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FEATURE: Climate change action is happening on the ground

By Neil Bird, Research Fellow, Overseas Development Institute

It will be tomorrow before we know the outcome of the latest UNFCCC COP meeting. The thousands of people who have descended on the resort city of Durban follow in the footsteps of those who attended the football World Cup last year. But, as in many football matches, the outcome will remain frustratingly uncertain until the final whistle blows.

But do these negotiations matter to the global poor, who have to address the more apparent threats of inadequate healthcare, limited education provision and unsanitary living conditions?

In some respects, these negotiations hardly matter. The global response to climate change continues to progress at a snail-like pace: just consider for a moment that this is the 17th Conference of the Parties, it is not the 3rd, 4th, 5th or even 10th meeting. How many more international gatherings will be required for the countries attending to agree a global compact that both protects the environment and offers hope to the poorest people who are most vulnerable to climate change?

Perhaps what we have learned most over the past decade is that global negotiations take on a life of their own and, at worse, appear little more than a self-serving exercise.

And yet there is action taking place – just not in Durban. It is taking place in many countries, both developed and developing, where people realise the importance of local action and where governments offer national leadership. And sometimes this leadership is supported by international initiatives.

One such initiative, discussed at a European Union side event on Tuesday in Durban, is the Global Climate Change Alliance. The overall objective of the GCCA is to build a new alliance on climate change between the EU and those developing countries that are most affected but have the least capacity to deal with climate change.

Rather than set up a new fund or governance structure, the GCCA is working through the European Commission’s established channels for political dialogue and cooperation at national and international level. Three years ago, an EC staff working document referred to the initiative as “an EU answer to the development dimension of climate change”.

So is there evidence of this happening? Perhaps there is. Speakers from two countries provided compelling evidence that climate change-related action is taking place, in part because of the GCCA initiative.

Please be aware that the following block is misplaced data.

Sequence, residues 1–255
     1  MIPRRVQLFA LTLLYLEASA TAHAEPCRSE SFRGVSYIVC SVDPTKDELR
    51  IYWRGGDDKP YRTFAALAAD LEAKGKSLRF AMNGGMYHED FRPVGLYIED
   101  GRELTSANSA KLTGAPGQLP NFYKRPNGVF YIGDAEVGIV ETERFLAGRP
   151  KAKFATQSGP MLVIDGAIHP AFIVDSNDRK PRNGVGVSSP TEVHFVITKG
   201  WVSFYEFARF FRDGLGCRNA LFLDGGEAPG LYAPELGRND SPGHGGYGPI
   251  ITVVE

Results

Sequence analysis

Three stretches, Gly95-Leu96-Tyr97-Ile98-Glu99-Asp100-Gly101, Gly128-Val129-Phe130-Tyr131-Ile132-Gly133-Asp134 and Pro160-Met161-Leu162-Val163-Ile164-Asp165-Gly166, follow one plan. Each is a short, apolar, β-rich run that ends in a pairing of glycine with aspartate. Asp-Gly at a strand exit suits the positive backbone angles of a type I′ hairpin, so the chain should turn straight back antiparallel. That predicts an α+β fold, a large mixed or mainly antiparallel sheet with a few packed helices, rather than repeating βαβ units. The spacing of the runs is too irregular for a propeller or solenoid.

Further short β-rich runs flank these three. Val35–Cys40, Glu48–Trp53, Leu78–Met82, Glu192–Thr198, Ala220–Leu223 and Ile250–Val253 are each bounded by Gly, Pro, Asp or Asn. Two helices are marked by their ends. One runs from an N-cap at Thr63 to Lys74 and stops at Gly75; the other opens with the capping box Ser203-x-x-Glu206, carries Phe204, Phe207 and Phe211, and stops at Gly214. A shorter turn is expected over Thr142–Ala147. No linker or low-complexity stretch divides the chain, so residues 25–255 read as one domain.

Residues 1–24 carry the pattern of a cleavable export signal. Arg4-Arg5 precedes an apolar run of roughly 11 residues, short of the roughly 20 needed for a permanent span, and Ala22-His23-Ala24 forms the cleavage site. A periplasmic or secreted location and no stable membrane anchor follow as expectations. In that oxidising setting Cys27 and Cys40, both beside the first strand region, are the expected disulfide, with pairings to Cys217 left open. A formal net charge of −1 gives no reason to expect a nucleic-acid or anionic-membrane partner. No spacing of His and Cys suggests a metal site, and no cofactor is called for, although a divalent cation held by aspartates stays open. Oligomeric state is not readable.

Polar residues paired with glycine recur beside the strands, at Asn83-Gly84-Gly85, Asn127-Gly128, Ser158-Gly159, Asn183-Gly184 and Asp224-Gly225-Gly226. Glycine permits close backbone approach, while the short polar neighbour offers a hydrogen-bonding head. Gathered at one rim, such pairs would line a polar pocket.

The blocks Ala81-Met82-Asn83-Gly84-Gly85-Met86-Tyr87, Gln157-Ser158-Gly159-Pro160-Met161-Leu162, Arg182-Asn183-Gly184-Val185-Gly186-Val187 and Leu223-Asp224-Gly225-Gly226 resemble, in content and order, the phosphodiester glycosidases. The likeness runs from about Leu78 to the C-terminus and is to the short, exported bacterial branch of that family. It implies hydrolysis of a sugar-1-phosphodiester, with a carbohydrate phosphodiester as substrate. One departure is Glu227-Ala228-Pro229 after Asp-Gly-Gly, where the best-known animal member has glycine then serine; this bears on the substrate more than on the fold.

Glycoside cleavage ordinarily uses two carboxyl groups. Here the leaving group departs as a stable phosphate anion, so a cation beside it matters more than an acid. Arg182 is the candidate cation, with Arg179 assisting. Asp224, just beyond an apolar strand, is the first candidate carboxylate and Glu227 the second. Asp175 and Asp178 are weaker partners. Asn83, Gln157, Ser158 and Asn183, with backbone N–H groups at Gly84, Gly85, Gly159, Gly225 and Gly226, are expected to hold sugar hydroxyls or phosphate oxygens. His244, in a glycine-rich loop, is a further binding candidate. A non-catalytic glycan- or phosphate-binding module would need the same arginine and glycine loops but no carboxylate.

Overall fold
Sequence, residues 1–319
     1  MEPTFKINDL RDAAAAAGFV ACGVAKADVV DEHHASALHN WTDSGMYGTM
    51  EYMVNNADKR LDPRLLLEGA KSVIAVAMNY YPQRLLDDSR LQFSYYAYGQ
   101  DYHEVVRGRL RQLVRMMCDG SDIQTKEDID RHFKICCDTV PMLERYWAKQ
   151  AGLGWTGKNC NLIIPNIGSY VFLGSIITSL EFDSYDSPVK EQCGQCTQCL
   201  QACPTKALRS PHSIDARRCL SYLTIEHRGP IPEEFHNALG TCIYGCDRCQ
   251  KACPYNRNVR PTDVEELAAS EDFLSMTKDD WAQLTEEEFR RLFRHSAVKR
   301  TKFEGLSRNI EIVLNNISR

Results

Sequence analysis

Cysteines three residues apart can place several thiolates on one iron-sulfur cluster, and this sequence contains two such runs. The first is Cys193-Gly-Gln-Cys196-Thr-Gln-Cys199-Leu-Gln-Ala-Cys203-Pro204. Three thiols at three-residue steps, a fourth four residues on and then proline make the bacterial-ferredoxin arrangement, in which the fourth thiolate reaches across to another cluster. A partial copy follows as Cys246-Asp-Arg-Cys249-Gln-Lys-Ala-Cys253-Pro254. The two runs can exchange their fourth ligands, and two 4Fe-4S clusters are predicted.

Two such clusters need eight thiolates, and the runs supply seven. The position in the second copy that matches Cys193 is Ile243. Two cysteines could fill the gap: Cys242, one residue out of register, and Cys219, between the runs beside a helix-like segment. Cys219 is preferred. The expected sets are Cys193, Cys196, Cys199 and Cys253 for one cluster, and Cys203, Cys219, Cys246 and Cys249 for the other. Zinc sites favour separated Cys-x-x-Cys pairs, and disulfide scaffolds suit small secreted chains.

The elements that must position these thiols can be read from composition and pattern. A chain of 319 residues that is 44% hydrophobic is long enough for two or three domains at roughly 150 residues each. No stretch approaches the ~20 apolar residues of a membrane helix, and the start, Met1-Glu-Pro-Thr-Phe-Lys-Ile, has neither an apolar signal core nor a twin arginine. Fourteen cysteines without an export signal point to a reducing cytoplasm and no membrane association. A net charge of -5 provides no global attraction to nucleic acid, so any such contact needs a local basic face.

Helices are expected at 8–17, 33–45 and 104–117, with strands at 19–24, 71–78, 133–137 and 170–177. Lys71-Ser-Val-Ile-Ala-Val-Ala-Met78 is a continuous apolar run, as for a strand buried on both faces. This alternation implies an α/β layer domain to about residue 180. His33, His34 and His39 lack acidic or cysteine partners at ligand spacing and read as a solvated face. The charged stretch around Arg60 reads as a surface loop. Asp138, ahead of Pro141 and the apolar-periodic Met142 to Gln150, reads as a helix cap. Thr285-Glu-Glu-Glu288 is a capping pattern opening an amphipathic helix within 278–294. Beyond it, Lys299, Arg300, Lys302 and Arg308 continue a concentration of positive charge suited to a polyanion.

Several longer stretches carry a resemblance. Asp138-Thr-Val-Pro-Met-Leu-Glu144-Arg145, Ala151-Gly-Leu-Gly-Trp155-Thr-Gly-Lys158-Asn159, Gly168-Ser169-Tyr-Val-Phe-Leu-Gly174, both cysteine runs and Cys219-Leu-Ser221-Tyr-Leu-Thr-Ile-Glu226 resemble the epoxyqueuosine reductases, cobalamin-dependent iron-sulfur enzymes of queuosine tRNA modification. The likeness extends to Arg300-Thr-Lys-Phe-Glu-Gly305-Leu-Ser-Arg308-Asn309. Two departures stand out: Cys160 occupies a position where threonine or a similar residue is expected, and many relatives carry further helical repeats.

Wills Agricole, the climate change national focal point person from the Seychelles, provided the perspective of someone charged with planning for climate change within a Small Island Developing State (SIDS), one of the main targeted beneficiary groups of the GGCA.

The national approach adopted in the Seychelles involves the integration of climate change actions within national sustainable development plans, as demonstrated through the recent adoption of the national climate change strategy.[j1]

So far, a broad range of measures have been carried out: from the relocation of hard infrastructure (such as moving the national meteorological services building that is perilously close to the advancing seashore), through new engineering works that will provide additional sea defences, to the ‘softer’ capacity-building required to prepare for climate change. All this is made possible through EU financial support going straight into the country’s national budget – although this programmatic support clearly depends on the careful use of milestones for the release of international finance.

The presentation by Antonio Queface from Mozambique gave another perspective from someone representing the second major beneficiary group of the GCCA: the Least Developed Countries. Mozambique is one of the most climate-vulnerable (and poor) countries in the world.

Here the challenge being addressed is to mainstream climate change into national development efforts, and in this regard the GCCA programme appears well-aligned with government policies, strategies and plans. This leads to high levels of national ownership over the climate change programme, using government – rather than donor – systems, with funds already disbursed through the state budget allocation and financial management system.

So perhaps this is the good news that is coming out of the Durban COP meeting – that no matter what goes on in these negotiations, a myriad of actions are now taking place, even in the poorest, most vulnerable countries. As an African colleague remarked, we simply cannot wait for a global agreement.

This blog originally appeared on AlertNetWe occasionally  invite bloggers from around the world to provide their experiences and views. The views expressed here are those of the author, and not necessarily those of CDKN.

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